Was andere dazu sagen - Rezension schreiben
Es wurden keine Rezensionen gefunden.
Andere Ausgaben - Alle anzeigen
afterwards ancient answer appeared attention Beattie beginning called character College common continued critic daughter death described desire Doctor doubt early edition effect employed English Essay expected expressed father feel formed gave give given hand History hope interest Italy Johnson kind King known language learned less letter lines literary lived London look Lord manner master means mind mother nature never notes objects observed occasion Oxford passed perhaps Persian person pleased poems poet poetical poetry present printed probably published reason received recommended remarkable removed residence returned says seems society sometimes soon spirit suppose taken thing thought tion told took translation turn University usual verse Warton wish writings written wrote young
Seite 226 - Stern o'er each bosom reason holds her state With daring aims irregularly great ; Pride in their port, defiance in their eye, I see the lords of human kind pass by ; Intent on high designs, a thoughtful band, By forms unfashion'd, fresh from nature's hand, Fierce in their native hardiness of soul, True to imagined right, above control, While e'en the peasant boasts these rights to scan, And learns to venerate himself as man.
Seite 38 - The grand object of travelling is to see the shores of the Mediterranean. On those shores were the four great empires of the world ; the Assyrian, the Persian, the Grecian, and the Roman. All our religion, almost all our law, almost all our arts, almost all that sets us above savages, has come to us from the shores of the Mediterranean.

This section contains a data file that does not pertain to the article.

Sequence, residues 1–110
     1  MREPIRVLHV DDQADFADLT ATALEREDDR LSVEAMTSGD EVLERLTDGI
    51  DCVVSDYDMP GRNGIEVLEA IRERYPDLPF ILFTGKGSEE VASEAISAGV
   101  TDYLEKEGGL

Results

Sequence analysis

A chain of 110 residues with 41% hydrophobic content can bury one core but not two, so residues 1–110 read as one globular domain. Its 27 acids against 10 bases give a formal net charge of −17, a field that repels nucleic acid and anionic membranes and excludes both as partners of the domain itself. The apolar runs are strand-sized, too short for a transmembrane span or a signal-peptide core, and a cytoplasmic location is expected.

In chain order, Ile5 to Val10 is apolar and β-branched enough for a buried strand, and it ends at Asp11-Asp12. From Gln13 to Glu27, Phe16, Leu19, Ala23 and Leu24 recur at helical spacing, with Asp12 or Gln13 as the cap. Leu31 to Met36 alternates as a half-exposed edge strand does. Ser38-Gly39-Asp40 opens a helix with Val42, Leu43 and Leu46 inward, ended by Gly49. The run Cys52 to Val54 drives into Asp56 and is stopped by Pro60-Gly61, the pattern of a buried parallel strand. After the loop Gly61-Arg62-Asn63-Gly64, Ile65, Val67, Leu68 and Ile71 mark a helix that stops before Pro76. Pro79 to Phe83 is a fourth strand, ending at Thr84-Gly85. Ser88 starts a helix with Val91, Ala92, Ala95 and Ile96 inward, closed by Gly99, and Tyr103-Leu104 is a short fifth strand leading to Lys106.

Seite 21 - He has sometimes suffered me to talk jocularly of his group of females, and call them his Seraglio. He thus mentions them, together with honest Levett, in one of his letters to Mrs. Thrale : " Williams hates every body ; Levett hates Desmoulins, and does not love Williams ; Desmoulins hates them both ; Poll loves none of them.
Seite 195 - Whilst summer lasts, and I live here, Fidele, I'll sweeten thy sad grave: Thou shalt not lack The flower, that's like thy face, pale primrose; nor The azur'd hare-bell, like thy veins; no, nor The leaf of eglantine, whom not to slander, Out-sweeten'd not thy breath...
Seite 30 - Sir, they may talk of the King as they will ; but he is the finest gentleman I have ever seen.
Seite 203 - Yea, every thing that is and will be free! Bear witness for me, wheresoe'er ye be, With what deep worship I have still adored The spirit of divinest Liberty.
Seite 203 - Woods ! that listen to the night-birds' singing, Midway the smooth and perilous slope reclined, Save when your own imperious branches swinging Have made a solemn music of the wind ! Where, like a man beloved...
Seite 203 - Midway the smooth and perilous slope reclined, Save when your own imperious branches swinging, Have made a solemn music of the wind! Where, like a man beloved of God, Through glooms, which never woodman trod, How oft, pursuing fancies holy, My moonlight way o'er flowering weeds I wound, Inspired, beyond the guess of folly, By each rude shape and wild unconquerable sound!
Seite 29 - ... at the same time, on the nature and use of such works. The king asked him if it was well done now. Johnson answered, he had no reason to think that it was. The king then asked him if there were any other literary journals published in this kingdom, except the Monthly and Critical Reviews; and on being answered there...
Seite 55 - So morbid was his temperament that he never knew the natural joy of a free and vigorous use of his limbs ; when he walked, it was like the struggling gait of one in fetters; when he rode, he had no command or direction of his horse, but was carried as if in a balloon.